F-22 : (CLAIMED) 2.410 Km/h
    Patato-35 : 1800 Km/h

    ===========================================================
    Supercruise.

    PAK FA : 1,8mach
    F-22 : 1,4mach (No 1,6….no 1,8….no nothing else. Just barely 1,4)
    Potato-35 : Search somewhere else. No such thing.

    ===========================================================

    MAX G turns
    PAK FA : 11G
    F-22 : 9G
    Potato-35 : 4,95G (A spitfire can win this)

    ===========================================================
    Rate to climb
    PAK FA record holder at 384 m/s.
    ” With such speed it would have been on top of Everest in 23 seconds ”
    F-22 : 220-260 m/s (No fairytale as 350m/s)
    Potato-35 : 100m/year
    ===========================================================
    Radars

    PAK FA : Sh121 N036-1-01 X-band in front and side front
    (It is ADVANCED Irbis-E) so we have at least 450Km range ,against 3m2 target.

    L-Band – No stealth BS against it.

    Rear radome : The classic rear ”horn” of the Sukhoi family with
    a small radar covering 52 Km range , and a special jammer inside it.

    F-22 : APG-77 with 240 Km range and ohhh….only 100 of them produced….!
    and AN/ALR-94 ….which ANY fighter has similar system.

    So much of ”technology” here….

    Potato-35 : APG-81 with 150km.
    ===========================================================

    Range :
    PAK FA : Record holder at 7000 Km in ”patrol flight mode”

    F-22 : 2600 km.

    Potato-35 : 2200 Km.

    ============================================================

    Weapons air to air

    PAK FA : R-77M 250km , R-74 all aspect 40Km

    F-22 : AIM-120C7 – 48km , AIM-120D – 72 Km
    Potato-35 : The same with the exception of UK and Italians with Meteor at 105Km

    ==========================================================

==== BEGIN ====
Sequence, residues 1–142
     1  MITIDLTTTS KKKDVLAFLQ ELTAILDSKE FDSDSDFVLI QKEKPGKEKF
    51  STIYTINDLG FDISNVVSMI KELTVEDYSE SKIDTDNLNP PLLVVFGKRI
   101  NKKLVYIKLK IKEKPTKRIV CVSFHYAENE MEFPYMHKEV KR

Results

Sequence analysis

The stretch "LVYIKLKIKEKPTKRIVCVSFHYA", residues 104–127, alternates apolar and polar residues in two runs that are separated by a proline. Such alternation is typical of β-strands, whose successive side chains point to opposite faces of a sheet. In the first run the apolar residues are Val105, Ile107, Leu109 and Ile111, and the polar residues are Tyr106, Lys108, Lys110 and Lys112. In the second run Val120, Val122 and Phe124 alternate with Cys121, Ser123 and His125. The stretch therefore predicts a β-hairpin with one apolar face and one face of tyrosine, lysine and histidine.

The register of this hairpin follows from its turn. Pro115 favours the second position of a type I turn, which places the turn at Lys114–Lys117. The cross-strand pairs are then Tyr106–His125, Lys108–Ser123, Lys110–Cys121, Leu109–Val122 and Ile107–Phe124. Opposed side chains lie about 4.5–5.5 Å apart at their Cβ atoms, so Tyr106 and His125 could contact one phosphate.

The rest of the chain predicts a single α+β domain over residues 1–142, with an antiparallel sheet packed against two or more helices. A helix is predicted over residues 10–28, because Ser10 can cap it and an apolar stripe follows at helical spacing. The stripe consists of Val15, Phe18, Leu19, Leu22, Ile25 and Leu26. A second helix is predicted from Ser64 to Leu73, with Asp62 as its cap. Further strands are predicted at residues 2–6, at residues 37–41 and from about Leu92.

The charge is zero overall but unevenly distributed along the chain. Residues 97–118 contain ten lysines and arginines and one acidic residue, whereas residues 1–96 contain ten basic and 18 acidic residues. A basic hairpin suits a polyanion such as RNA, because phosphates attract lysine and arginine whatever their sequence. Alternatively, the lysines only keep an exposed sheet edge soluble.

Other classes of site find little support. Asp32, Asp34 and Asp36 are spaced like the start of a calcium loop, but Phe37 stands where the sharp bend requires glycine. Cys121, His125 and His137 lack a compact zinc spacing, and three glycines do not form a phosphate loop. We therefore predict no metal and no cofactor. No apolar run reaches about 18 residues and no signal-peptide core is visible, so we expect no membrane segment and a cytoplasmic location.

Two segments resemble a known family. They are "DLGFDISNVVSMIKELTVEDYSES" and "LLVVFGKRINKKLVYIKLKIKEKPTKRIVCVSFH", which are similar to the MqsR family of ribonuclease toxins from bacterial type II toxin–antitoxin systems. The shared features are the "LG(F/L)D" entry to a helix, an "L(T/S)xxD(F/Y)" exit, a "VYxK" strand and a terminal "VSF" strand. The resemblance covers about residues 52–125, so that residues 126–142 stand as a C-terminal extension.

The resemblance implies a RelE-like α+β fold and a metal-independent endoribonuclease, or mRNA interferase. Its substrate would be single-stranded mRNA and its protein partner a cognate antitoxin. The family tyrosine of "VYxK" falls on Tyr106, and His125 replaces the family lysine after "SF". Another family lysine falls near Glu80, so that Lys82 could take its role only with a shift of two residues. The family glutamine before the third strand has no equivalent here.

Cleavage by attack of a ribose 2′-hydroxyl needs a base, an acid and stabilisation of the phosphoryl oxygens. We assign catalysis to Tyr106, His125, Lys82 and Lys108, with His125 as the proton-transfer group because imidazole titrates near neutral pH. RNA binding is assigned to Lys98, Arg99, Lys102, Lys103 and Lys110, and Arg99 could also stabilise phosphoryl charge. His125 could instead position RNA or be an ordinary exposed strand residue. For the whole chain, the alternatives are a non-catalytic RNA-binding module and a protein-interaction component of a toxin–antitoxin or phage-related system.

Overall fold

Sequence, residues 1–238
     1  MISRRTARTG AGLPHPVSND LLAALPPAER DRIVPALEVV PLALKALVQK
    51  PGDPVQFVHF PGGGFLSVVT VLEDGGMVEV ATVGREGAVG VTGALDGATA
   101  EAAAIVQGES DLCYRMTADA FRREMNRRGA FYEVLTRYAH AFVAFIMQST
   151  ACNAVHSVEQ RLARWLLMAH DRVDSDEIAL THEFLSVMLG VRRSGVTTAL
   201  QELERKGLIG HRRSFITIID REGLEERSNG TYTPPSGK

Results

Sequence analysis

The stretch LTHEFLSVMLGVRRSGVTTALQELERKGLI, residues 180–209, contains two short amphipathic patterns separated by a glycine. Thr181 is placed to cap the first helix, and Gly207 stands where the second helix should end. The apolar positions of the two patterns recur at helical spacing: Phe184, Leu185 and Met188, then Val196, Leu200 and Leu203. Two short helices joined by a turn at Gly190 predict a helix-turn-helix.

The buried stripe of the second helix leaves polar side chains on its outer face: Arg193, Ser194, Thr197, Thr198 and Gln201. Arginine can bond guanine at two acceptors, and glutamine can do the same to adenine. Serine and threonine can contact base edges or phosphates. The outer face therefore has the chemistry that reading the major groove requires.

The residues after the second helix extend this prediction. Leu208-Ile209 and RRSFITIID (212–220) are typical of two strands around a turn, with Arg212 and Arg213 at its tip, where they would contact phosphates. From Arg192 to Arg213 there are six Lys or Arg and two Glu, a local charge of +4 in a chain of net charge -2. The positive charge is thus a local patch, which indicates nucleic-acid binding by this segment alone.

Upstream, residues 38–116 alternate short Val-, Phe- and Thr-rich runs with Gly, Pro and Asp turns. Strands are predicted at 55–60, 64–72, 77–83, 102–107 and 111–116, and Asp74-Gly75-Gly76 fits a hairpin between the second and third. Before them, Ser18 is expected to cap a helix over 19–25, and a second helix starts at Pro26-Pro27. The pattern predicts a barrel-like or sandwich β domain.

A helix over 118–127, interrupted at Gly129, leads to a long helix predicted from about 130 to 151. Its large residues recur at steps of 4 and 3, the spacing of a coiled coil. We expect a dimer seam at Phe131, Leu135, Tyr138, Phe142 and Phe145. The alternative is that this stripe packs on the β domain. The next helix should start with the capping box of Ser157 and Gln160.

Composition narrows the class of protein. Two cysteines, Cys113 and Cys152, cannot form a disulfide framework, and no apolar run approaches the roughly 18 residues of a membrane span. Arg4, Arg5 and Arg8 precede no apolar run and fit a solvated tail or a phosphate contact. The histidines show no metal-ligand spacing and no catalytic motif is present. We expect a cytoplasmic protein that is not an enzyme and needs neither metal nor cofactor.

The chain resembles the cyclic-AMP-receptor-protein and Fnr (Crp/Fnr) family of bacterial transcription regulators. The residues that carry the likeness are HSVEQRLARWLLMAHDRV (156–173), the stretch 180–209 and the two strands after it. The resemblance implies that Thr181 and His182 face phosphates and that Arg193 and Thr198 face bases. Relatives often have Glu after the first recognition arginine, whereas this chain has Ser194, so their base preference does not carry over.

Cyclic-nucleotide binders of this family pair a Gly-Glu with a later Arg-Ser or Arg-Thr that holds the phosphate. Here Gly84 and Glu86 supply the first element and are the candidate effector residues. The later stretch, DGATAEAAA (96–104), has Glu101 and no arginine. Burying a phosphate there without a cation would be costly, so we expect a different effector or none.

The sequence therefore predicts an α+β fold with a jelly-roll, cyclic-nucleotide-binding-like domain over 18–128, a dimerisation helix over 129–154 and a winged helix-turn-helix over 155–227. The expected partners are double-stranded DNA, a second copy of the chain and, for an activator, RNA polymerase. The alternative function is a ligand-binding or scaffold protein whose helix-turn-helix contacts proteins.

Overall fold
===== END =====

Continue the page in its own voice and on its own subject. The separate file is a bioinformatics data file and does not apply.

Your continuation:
Thrust to weight :

    PAK FA : 1.19
    F-22 : 1.08
    Potato-35 : 0.87

    ==========================================================

    Now , lets play with the new toys of PAK FA

    Izdeliye-30 engines with ultra thrust at 39,566 lbs x2 = 79.132 lbs.
    Thrust to weight at 1.36+
    More economy in fuels , more range.
    Speed 2800++ Km/h
    AND….off course , the ONLY with the new PHOTONIC radar.

    No stealth , No UFO against it.

    ===========================================================

    Do the math.

  4. Let’s be real, can we? This PAK FA (that’s what it should be called – its test and development name) isn’t stealth, sensors are not more advanced than other Sukoi and MiG production models, so why in the hell should Russia even bother spending money on this “fighter” when they might just as well push more capabilities into their Su-35?

    Look – it’s all the same 1970s, 80s era (technology) stuff. It’s all the same story of inferior (to the U.S. and NATO) capabilities. So why even bother with the PAK FA? It’s gonna get shot down just as quickly as an Su-35. From way far away before the Russian pilot even has enough time to react. He’ll never know what hit him, or where the missile came from!

    Plus let’s face some more obviousness. The U.S. economy produces in one year what Russia does in 20. Russia is an economic basket case with a poor and desperate population where goods and services are in short supply and the basic necessities of a modern 1st world life are not to be found anywhere in the average shared-outhouse countryside-community of ramshackle , dilapidated Soviet-era fire-trap apartments and deteriorating small pigpens. Russia can’t afford no goddamn fake 5th gen fighters!

    Russia will never be a global military power. Time to start focusing on trying to join the civilized first-world and stop these “never gonna happen” dreams of matching the U.S. and NATO in military firepower. I can 100% guarantee you that ain’t gonna happen in 200 years. Perhaps far longer. The PAK FA is not worth the juice what’s gonna be got from the (always weak) squeeze. Or should I say too little vodka from too many potatoes.

    • 45 million on food stamps, a crumbling infrastructure, infant mortality and life expectancy rates of a third world country. Hang on that’s the USA. As For Russia not being a military power, the Syrian war theatre begs to differ.